Anthony Doerr’s World War II novel All the Light We Cannot See has been on the bestseller lists for over a year now (it’s currently #3 for hardcovers, after 56 weeks), so you’re probably wondering why I’m so late in publishing my review. Often we review books when they come out in paperback or audio, or for a new printing. In this case, it’s because Jennifer mentioned it as one of the books on her list in her essay Why You Need a Summer Reading List, and I figured better late than never!
All the Light We Cannot See is the dual narrative story of Marie-Laure, a blind girl who flees to the seaside town of Saint-Malo with her father when the Nazis occupy Paris, and Werner, a German soldier whose expertise with radios results in his position tracking down members of the French resistance.
Their paths cross eventually, but there’s quite a bit of build-up getting there. Marie-Laure’s relationships with her father is quite special, his love for her is clear in his determination to teach her to survive on her own without sight. Werner is not an exactly willing member of the Nazi party, but uses the opportunity to expand his knowledge and love of communication, having been orphaned at a young age.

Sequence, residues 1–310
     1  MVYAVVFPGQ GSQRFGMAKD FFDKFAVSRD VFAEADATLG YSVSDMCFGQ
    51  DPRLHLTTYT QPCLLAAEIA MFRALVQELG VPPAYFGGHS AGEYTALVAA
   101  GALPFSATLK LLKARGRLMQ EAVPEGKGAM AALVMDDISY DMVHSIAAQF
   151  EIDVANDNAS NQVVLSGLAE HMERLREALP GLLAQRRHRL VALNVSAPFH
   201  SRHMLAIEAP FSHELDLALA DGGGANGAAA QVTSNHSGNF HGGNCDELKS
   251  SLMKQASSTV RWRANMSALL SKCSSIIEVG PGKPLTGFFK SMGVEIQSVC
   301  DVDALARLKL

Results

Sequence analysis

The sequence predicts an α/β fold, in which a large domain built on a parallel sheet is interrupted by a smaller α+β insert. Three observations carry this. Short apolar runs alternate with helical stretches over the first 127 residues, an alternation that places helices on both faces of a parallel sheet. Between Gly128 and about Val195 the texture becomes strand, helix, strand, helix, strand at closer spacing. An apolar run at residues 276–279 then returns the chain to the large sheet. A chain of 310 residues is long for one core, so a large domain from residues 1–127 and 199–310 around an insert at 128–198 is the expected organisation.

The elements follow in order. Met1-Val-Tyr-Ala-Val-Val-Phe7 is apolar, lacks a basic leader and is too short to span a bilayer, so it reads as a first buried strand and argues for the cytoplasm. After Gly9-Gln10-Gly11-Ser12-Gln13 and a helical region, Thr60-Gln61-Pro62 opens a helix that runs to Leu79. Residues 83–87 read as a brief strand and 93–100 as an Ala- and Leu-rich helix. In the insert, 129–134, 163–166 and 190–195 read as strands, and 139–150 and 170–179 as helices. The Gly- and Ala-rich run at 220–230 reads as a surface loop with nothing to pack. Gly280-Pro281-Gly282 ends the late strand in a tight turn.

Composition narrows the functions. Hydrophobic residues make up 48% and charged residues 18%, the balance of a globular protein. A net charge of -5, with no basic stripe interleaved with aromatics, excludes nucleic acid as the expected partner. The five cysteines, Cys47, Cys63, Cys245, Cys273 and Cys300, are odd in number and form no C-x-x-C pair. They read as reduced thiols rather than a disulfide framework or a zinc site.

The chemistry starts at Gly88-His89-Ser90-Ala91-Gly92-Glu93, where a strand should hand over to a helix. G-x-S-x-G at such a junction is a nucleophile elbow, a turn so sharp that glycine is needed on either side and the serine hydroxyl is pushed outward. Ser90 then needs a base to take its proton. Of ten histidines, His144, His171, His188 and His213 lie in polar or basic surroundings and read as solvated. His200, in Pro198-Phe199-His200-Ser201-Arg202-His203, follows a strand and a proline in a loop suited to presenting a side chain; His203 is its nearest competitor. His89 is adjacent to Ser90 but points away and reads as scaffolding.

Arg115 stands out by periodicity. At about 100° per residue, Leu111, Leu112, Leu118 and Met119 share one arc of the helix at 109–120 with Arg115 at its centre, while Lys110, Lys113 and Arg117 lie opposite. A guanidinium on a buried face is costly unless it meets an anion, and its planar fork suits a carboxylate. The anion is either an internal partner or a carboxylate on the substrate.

All the Light We Cannot See won the Pulitzer Prize for fiction, was named one of the New York Times’ 10 best books of the year, and shortlisted for the National Book Award. Often a book that receives such high critical praise is in danger of being over hyped, but this is a book that lives up to the hype.
Notes on the audiobook: At just over 16 hours, All the Light We Cannot See is on the longer side of the audio book spectrum but not so long as to be unmanageable. Narrator Zach Appleman does not change his voice for different characters, so I lost the thread of the story at times, but he was easy to listen to.
For a video of Anthony Doerr talking about his inspiration for the book and to hear an excerpt, visit Simon & Schuster Audio.